Personal Finance in Your 20s and 30s: Brick-and-Mortar Banks - dummies

Personal Finance in Your 20s and 30s: Brick-and-Mortar Banks

By Eric Tyson

The most obvious choice for banking is using a local bank you pass by on a regular basis. Although these types of banks are conveniently located, these banks may not be the most cost efficient. You can find two main types of brick-and-mortar banks:

  • Small-town bank: These banks only have a handful of branches. Some of the tellers may even remember your name and face. Hours are generally limited, and you may face extra ATM fees for using ATMs that aren’t at one of the bank’s branches.

A sometimes attractive, “small-town” banking option is credit unions. To join, you generally need to work for a particular employer (such as General Electric) or industry/occupation (for example, teachers). Thanks to a federal government exemption on income taxes, credit unions tend to be able to pay higher interest rates on deposits and charge lower rates on loans. Don’t assume, however, that a local credit union always has the best deals; be sure to comparison shop. To locate credit unions near you, visit the Credit Union National Association website for consumers and click on the “Find a Credit Union” link or call them at 800-356-9655.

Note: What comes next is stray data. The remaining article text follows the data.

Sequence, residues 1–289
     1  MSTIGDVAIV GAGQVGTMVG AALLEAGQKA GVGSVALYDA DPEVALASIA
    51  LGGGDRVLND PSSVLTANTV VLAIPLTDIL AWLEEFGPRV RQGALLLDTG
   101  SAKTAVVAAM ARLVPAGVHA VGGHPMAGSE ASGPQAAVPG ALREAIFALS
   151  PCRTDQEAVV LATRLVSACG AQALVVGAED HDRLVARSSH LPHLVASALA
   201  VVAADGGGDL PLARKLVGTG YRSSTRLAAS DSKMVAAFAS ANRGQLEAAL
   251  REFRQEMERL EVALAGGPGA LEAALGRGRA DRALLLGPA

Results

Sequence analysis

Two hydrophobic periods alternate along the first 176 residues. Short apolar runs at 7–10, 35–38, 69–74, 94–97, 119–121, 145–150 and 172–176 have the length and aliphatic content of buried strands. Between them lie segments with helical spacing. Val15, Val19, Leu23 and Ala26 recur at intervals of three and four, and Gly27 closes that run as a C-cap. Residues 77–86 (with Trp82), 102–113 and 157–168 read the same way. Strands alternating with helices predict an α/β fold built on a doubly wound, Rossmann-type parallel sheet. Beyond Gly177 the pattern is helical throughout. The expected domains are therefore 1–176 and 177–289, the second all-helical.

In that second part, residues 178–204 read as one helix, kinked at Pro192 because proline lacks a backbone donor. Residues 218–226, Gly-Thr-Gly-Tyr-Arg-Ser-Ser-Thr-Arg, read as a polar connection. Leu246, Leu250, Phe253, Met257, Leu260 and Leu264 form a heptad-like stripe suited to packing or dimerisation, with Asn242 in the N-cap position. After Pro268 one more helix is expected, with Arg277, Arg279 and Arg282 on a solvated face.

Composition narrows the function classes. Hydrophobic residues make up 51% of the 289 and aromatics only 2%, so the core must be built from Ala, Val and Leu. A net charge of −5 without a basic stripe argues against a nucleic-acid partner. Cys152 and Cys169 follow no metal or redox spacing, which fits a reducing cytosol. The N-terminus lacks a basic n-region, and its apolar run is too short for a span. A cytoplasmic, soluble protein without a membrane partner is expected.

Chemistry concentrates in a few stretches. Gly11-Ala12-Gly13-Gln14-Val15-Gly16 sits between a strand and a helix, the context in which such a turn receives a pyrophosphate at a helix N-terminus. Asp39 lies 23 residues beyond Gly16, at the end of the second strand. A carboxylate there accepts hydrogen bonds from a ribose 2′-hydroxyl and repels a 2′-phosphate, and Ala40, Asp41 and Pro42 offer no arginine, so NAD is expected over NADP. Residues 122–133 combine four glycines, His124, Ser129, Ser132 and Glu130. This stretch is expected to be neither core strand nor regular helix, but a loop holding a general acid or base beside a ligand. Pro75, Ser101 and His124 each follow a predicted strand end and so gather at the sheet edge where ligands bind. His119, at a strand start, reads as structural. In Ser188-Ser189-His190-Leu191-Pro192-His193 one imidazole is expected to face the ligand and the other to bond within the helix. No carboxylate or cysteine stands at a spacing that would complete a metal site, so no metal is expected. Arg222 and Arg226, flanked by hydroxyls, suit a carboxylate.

• Big banks: Such banks tend to be regional, national, and sometimes even multinational. You may recognize their name from extensive advertising campaigns. They tend to have extensive ATM networks, which may reduce your ATM fees, but you pay for it in other ways, such as through less-competitive terms (interest rate paid, service fees levied) on checking and savings accounts.

Be sure to comparison shop among several banks and scrutinize their fees and interest rates on their checking accounts and any other type of account you may be interested in.